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10 Responses to Hating a Dream Job

  1. dearieme says:

    Then there’s people who reckon that there are lots of things they’d be good at and enjoy, and don’t know which to choose.

    And people who suspect that there are different things they might be good at but they all look pretty boring.

    Etc. It takes all kinds…..

    On the other hand, if there is a job which you are good at, and enjoy, and is well paid, you should thank your lucky stars – because essentially it is just luck.

    By the by, did James ever say why he stopped blogging? I used to find his one of the best.

  2. Tatyana says:

    I rarely did see how it worked, and whatever it was never did so again. Little has changed. I never said I was a good engineer.

    Ah, Tim, now I worry for the state of Oil Industry! On the other hand, “that explains a lot”(c) – assuming you’re not the only one. On the third hand, the world is lucky I stopped being an engineer 25 years ago.

    Which brings me to yet another case: people who started one career (which even might be their dream and indicated inclination on all possible tests), hated it or just moved to a place they couldn’t pursue it, etc etc – and then moved to other things, some even successfully. World is operated by survival of the fittest (for a job marketplace).

  3. Kalle says:

    You can’t be that bad as engineer, otherwise you’d be out of job. But if you ever get bored, you could try being a writer instead, you have the talent.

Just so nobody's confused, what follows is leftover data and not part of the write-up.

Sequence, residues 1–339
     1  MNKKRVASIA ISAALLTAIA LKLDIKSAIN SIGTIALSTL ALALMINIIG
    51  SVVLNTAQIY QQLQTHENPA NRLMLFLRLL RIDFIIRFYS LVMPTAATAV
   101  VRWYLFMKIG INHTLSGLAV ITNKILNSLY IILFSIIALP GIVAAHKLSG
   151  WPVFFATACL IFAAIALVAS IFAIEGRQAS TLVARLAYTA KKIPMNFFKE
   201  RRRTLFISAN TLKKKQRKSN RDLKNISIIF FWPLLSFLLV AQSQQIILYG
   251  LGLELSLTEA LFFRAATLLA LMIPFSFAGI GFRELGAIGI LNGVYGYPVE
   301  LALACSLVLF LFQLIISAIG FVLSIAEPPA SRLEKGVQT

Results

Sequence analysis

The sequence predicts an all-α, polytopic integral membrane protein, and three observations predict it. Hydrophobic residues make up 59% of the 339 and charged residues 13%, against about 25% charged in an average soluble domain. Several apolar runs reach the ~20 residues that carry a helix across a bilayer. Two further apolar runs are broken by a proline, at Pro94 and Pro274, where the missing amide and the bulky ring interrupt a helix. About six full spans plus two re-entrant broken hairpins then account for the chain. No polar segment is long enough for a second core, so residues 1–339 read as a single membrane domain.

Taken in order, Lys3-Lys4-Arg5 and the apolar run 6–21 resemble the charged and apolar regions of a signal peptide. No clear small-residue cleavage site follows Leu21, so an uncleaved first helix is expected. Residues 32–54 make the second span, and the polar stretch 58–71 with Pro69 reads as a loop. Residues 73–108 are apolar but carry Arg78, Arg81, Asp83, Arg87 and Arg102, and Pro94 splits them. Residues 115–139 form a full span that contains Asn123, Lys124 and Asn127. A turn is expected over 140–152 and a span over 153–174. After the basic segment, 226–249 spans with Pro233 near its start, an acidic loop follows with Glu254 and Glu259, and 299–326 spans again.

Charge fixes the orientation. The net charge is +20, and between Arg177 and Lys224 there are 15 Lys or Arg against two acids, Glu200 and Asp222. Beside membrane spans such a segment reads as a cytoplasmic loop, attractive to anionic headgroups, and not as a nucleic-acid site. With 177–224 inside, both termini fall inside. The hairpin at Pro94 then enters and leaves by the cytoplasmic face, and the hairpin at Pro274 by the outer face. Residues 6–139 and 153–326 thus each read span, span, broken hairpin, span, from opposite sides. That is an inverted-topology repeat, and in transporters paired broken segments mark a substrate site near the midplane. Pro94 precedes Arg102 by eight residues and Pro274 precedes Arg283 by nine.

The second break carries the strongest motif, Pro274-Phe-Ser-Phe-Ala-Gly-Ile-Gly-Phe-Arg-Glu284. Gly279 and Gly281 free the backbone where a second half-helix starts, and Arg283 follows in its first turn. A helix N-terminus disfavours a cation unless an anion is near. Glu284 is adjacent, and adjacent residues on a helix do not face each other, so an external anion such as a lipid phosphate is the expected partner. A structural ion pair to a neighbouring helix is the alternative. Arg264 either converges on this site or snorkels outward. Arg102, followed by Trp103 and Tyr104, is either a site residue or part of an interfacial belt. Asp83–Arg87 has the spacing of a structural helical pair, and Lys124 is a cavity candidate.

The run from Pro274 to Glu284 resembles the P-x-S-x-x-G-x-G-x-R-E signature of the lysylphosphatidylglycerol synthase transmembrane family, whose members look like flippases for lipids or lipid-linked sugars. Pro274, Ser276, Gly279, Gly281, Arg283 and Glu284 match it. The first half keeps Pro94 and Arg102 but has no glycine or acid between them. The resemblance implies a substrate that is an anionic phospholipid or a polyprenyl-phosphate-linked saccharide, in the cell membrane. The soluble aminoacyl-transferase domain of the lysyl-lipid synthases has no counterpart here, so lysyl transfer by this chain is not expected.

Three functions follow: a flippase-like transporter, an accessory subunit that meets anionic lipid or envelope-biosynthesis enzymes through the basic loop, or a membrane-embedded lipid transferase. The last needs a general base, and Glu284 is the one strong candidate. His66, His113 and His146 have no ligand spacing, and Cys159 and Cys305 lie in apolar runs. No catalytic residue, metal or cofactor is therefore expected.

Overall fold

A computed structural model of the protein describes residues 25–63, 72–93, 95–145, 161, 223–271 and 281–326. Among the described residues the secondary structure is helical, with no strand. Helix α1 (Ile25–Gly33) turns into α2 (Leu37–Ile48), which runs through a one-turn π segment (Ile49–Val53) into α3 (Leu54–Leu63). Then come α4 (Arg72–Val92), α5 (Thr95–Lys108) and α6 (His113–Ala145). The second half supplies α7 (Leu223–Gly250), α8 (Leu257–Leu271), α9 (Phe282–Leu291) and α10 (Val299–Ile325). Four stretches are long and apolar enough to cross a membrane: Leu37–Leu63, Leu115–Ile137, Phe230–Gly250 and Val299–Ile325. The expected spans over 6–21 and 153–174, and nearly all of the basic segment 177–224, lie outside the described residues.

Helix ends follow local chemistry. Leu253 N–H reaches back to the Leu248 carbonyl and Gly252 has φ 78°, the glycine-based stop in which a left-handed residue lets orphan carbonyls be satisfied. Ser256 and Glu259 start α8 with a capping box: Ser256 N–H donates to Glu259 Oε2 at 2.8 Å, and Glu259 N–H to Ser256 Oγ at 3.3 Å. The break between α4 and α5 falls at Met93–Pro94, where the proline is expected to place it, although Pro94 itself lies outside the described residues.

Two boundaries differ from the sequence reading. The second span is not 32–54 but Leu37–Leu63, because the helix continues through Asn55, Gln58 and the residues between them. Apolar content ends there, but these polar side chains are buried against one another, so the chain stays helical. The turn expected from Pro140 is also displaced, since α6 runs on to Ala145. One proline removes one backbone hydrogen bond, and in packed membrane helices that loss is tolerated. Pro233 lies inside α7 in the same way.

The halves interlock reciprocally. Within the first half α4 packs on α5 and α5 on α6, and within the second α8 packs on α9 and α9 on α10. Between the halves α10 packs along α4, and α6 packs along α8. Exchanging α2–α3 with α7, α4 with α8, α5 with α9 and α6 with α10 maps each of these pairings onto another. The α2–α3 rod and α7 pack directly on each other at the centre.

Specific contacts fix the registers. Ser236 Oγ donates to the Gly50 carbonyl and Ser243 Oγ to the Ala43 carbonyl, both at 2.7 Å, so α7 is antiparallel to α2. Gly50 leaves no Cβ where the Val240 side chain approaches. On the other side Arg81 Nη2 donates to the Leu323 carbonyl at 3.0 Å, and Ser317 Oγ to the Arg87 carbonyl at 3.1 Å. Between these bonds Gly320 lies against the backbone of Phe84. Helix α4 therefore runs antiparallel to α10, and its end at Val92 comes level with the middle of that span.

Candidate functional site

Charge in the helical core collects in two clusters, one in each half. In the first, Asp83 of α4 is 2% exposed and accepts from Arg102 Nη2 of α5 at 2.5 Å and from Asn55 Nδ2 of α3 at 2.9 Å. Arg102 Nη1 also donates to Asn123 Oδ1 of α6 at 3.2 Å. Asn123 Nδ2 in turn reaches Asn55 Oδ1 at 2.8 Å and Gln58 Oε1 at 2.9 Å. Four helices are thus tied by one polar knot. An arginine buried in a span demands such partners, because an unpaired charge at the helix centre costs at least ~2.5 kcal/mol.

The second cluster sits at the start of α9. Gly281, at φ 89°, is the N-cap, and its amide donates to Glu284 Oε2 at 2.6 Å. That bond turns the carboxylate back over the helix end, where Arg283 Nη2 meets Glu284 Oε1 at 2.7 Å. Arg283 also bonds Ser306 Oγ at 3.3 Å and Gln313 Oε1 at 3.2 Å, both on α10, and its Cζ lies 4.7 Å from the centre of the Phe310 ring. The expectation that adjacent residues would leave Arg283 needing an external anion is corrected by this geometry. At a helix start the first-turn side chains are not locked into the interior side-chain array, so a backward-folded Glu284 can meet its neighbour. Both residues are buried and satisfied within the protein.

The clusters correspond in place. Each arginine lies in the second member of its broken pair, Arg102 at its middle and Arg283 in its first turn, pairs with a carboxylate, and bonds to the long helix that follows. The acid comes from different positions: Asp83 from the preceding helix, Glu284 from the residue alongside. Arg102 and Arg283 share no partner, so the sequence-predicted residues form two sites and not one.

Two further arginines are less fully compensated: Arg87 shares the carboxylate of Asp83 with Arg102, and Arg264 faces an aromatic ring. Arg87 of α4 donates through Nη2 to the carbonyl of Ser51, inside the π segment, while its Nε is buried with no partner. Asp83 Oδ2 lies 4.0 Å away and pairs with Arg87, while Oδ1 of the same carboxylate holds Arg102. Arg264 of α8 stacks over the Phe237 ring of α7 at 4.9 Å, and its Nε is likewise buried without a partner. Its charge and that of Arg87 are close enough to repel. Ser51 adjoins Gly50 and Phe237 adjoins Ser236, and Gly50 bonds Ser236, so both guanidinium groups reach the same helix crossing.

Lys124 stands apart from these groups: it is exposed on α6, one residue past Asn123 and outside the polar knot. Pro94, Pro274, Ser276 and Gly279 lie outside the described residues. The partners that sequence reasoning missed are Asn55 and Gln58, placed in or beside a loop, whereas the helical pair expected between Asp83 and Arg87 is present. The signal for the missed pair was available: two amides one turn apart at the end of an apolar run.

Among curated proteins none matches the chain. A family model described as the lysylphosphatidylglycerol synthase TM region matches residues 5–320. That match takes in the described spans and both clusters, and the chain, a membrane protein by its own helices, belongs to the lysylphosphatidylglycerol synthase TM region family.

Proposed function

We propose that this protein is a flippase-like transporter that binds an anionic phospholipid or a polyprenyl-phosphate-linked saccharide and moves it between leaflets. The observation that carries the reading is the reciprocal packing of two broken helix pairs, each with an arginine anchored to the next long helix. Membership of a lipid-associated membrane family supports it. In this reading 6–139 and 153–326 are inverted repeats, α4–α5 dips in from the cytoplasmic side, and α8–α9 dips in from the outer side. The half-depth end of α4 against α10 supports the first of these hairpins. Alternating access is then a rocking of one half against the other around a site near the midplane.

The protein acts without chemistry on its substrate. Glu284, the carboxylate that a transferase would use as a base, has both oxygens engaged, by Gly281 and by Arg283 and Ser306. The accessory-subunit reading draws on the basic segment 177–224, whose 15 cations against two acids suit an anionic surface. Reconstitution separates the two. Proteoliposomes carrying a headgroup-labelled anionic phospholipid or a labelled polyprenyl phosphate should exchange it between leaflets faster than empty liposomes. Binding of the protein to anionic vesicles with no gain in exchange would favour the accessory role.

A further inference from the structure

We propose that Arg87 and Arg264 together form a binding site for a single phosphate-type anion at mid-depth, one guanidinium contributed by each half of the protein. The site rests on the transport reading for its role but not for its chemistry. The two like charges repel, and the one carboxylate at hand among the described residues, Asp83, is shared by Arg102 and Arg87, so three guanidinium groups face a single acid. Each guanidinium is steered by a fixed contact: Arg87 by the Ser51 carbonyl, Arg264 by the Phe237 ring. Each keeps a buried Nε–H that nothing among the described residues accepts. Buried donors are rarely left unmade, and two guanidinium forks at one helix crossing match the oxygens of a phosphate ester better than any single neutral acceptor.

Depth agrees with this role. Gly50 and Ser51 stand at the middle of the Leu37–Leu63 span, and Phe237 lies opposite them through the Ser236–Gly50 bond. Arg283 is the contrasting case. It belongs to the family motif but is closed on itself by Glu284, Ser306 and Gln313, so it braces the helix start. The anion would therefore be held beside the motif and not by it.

4. Tim Newman says:

    No, I never did know why James stopped blogging. My guess is that real life took over, which is what happened to so many bloggers who were around so much between 2003-2008. I think blogs do have a natural life, after which the authors just seem to throw the towel in for one reason or another. It’s a shame, but most of my favourite bloggers from a few years ago have quit, and I struggle to replace them. I’ve thought about it myself, but see no reason to call a formal halt to things.

    The exception is Tim Worstall, who is truly the Ron Jeremy of blogging. :)

  5. Of course, the trick is to find a job which you enjoy and pays well, but there’s usually queue for them.

    It’s also possible to find such a job, and have the fact that it is your job take the enjoyment from it. The fact that you must keep doing it to feed your family / keep your lifestyle means that the activity becomes stressful in a way that was not the case when you were doing it for fun.

  6. dearieme says:

    In my first term at uni I was offered the job of guarding a stripper.
    Them wuz the days.

  7. Tatyana says:

    DearieMe, you appeared in a whole new light now…

  8. So? says:

    Safin made no secret of the fact that he hates tennis, playing any sports in fact. Kafelnikov’s father would beat him so that he would practice. No wonder why they were considered underperformers.

  9. James Hamilton is quite active on Facebook, so I would suggest sending him a friend request if you want to hear what he has to say.

    So, for that matter, am I, and while I still blog, I am a much faded blogger. It would probably be better to devote the activity to blogging instead of Facebooking, but somehow I don’t feel like it.

  10. BearBait says:

    My heart bleeds for them of course.